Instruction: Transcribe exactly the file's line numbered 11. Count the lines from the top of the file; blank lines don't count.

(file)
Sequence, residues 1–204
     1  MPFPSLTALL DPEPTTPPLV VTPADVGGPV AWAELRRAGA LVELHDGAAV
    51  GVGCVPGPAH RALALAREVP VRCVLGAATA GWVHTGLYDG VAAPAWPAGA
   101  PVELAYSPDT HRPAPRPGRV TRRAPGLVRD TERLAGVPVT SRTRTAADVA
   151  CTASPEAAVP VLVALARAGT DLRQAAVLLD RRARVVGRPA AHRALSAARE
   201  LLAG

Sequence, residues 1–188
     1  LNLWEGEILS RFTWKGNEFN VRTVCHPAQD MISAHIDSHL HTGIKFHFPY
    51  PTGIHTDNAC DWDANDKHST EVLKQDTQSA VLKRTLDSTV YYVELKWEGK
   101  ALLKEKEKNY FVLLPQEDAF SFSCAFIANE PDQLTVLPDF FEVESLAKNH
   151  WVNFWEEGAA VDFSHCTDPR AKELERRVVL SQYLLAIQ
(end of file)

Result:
   151  WVNFWEEGAA VDFSHCTDPR AKELERRVVL SQYLLAIQ